Cem Sertoglu, a partner at Earlybird Venture Capital, argues that European portfolios are looking the best they ever have. “More than 50 European venture-backed companies with a valuation of €1bn or more have emerged so far this decade, compared with just three between 2000 and 2010,” he says.

The returns seem to also back the positive environment as, according to European Investment Fund (EIF) data, returns on European VC investments are on a healthy upward trend.

Despite what appears to be a turnaround in the fortunes of venture capital, pension funds are still reluctant to invest, perhaps stemming from the years following the technology bubble. “We do put a bit of money into it but not much because our client base is mainly corporate pension schemes and they don’t like to lose money on any fund and in venture capital there is a higher likelihood of that happening,” says Andrew Brown, head of private equity research at Willis Towers Watson. 

Individual investments can be risky, and single VC funds themselves, while offering some diversification, may still be constrained by sector and geography. Another challenge that pension funds might struggle with is the relative size of the European VC market compared with the amounts that pension funds have to invest. The average European VC fund is only about €100m, according to Invest Europe, while large pension funds are reluctant to invest less than €50m in a single investment and are constrained to have only minority positions in any single fund.

“The North American approach, which has been proven to work, has been applied to Europe” - Joe Schorge

For pension funds unable or unwilling to emulate the Wellcome Trust in building up a diversified portfolio of VC funds, there are, however, alternative strategies that offer diversified approaches to gaining exposure exemplified by the VentureEU initiative. Isomer Capital, for example, offers a fund of funds with exposure currently to about 350 companies. It expects the number to rise to 500-600 once the fund is fully invested, says Schorge. Its investor base consists of about a quarter from the European Commission’s Venture EU programme, a third from corporations and foundations and a third coming from family offices. If funds like Isomer’s can grow to a few hundred million euros at least, in size, then it would potentially solve many of the current bottlenecks for pension fund involvement.

joe schorge

Joe Schorge

WTW still has other concerns regarding European VC. “From a fund-raising standpoint, I do struggle a bit with the amount of money that has been raised for VC, when you consider that it doesn’t take that much capital to start a business,” says Brown. But he adds: “To physically start a business takes a lot less than it did 10 or 15 years ago, but a lot of funds have been raised on the notion that they will follow the company over multiple rounds of investment, which I can understand.”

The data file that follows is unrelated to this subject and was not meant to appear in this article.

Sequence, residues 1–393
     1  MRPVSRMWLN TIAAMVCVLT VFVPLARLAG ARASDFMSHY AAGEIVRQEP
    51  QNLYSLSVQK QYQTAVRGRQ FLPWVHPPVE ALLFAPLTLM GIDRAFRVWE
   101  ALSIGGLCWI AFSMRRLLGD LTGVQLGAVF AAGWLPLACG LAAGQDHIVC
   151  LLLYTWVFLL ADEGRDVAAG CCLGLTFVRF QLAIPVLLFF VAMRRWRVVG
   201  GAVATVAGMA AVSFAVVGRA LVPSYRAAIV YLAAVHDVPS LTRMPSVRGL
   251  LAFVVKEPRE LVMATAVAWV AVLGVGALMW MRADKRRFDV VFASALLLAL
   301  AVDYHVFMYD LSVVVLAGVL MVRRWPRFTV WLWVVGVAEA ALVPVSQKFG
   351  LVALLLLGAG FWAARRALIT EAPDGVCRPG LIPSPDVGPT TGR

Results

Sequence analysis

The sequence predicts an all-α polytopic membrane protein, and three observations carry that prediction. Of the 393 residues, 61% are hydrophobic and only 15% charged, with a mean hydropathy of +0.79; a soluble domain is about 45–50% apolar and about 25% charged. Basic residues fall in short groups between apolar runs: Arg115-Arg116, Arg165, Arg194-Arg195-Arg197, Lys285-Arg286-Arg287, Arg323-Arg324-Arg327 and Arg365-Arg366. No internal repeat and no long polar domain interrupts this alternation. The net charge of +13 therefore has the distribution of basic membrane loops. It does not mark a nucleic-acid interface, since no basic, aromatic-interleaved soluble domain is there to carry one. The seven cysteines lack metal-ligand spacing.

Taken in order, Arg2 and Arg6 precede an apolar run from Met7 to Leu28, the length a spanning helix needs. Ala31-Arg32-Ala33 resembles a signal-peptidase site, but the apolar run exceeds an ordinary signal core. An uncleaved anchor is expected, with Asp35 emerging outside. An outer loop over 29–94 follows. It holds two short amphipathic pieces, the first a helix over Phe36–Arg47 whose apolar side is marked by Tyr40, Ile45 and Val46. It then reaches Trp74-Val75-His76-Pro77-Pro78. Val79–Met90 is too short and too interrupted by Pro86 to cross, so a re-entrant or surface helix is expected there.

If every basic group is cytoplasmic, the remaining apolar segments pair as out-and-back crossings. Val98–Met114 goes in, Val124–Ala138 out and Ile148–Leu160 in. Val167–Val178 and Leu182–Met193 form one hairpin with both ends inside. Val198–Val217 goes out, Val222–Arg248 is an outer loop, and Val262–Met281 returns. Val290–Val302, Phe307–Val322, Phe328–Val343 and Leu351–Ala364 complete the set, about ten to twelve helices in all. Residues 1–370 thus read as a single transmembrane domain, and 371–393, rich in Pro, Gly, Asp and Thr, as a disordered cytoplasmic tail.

Nevertheless, Brown is concerned about the impact of the $100bn (€87bn) Softbank Vision fund, perhaps the world’s largest technology portfolio. “They are dictating who are the winners and losers because Softbank says to a company, we will either back you or your competitor whether you need the money or not,” he says. Company management will take the money, even if it does not need it, to prevent it funding a competitor and that affects pricing, argues Brown. 

Schorge, however, has fewer concerns about this trend. “Softbank is not a pure VC fund and often targets large investments of $500m or more in companies like ARM.”     

A more serious source of competition for investment in European VC may come from China. Chinese buyers have proved to be a key source of successful exits for VC companies with, for example, a €1.4bn deal by Ctrip, a Chinese travel agency, to buy the UK’s Skyscanner, and Tencent’s $8.7bn acquisition of a stake in Finland’s Supercell, a mobile game development company. Seeking access to European technology at the ground level through exposure in VC funds is a natural next step, even if it does raise issues over security and technology transfer. 

For European VCs, establishing larger fund of funds may be the key to unlocking investment from pension funds. In the meantime, there appears to be plenty of interest from more ambitious investors.

Private equity: An expanding universe